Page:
The NLRA says that “[e]mployees shall have the right to “engage in other concerted activities for the purpose of collective bargaining or other mutual aid or protection.” The Supreme Court has described these provisions as including employees’ efforts “to improve terms and conditions of employment or otherwise improve their lot as employees through channels outside the immediate employee employer relationship,” including “through resort to administrative and judicial forums.” The National Labor Relations Board, which rules on these matters in the first instance, considers the “no class action” provisions to be illegal, in violation of the NLRA, because they interfere with efforts of employees to pursue their rights collectively. Because these provisions are illegal they are not enforceable under the Federal Arbitration Act, which governs the use of arbitration provisions.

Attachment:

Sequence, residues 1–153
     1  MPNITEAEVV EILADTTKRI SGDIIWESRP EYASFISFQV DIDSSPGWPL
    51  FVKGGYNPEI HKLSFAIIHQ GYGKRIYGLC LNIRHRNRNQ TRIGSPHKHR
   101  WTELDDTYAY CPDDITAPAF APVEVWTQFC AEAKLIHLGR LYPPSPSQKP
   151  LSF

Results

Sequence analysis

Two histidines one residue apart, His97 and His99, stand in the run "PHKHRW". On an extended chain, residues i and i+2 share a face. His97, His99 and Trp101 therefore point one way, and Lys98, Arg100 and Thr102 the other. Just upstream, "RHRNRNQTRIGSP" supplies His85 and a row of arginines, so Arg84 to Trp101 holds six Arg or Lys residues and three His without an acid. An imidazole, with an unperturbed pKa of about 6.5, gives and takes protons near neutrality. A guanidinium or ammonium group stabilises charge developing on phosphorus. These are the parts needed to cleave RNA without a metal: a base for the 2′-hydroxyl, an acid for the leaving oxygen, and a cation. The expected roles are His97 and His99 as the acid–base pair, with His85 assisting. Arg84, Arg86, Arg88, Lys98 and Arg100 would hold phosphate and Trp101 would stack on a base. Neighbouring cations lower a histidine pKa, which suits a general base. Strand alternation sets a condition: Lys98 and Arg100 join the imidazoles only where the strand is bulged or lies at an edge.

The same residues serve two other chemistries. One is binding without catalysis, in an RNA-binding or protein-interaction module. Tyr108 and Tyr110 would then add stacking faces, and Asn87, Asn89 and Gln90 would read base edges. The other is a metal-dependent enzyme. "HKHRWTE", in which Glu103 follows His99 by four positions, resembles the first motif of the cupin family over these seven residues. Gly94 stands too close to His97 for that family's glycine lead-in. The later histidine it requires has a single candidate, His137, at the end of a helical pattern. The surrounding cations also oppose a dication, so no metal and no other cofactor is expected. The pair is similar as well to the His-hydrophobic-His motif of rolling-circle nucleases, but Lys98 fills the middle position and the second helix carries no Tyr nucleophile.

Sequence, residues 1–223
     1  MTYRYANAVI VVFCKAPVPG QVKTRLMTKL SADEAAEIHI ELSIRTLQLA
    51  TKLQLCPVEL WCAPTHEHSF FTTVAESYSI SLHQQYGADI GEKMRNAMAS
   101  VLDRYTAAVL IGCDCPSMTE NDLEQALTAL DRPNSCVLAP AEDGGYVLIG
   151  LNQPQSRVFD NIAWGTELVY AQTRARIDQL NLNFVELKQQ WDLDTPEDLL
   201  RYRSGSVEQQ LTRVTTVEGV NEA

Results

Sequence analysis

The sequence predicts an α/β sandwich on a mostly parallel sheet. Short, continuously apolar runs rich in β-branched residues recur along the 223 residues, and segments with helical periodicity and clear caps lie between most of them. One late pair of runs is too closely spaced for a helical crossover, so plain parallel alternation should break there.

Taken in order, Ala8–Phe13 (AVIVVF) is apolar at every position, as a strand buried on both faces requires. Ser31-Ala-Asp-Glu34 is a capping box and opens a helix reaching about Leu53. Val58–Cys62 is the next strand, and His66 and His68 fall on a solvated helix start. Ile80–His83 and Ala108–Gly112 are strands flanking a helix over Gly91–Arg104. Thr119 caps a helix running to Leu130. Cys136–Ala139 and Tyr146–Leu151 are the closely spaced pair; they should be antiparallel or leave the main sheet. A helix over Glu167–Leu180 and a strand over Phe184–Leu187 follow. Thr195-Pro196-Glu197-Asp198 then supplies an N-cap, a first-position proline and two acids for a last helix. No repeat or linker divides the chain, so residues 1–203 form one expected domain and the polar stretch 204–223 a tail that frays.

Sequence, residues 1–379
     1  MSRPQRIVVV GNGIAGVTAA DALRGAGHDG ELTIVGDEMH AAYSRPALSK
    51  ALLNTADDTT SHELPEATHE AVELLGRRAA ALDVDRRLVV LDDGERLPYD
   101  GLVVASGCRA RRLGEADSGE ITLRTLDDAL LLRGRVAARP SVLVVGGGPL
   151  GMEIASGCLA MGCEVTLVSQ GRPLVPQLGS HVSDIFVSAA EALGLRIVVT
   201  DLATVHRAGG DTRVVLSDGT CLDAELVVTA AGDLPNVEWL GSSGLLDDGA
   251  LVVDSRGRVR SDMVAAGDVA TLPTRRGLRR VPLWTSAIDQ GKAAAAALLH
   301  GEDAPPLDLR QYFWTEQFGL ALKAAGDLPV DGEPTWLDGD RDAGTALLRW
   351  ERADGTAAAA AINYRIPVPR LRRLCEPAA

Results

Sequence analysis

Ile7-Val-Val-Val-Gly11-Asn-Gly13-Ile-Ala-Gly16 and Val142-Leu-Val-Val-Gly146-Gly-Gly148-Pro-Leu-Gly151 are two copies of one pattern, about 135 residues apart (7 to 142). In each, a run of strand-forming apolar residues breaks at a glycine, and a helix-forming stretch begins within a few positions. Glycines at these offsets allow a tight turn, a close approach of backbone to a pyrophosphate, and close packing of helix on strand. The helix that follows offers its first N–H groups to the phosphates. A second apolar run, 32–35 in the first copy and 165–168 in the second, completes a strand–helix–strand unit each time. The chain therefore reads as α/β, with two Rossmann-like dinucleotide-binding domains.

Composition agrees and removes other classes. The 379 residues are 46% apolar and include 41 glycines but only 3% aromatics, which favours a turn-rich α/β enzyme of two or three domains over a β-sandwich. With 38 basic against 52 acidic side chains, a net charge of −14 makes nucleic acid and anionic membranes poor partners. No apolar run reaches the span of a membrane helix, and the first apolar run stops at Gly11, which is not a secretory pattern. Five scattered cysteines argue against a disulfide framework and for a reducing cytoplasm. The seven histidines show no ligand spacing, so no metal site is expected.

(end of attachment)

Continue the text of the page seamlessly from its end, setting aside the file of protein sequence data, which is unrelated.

In AT&T Mobility, the Supreme Court held that state laws providing that that class action waiver provisions are unenforceable because they are unconscionable (i.e. grossly unfair and one-sided) do not make the class action waiver provisions illegal. In Murphy Oil, the Fifth Circuit held that the NLRA does not “override” the FAA and that the “use of class action procedures . . . is not a substantive right.”
The two places where waiver provisions are most common are employment and consumer transactions. The Court’s resolution of Murphy Oil, and its companion cases, will decide the fate of such provisions in one of its two most common applications.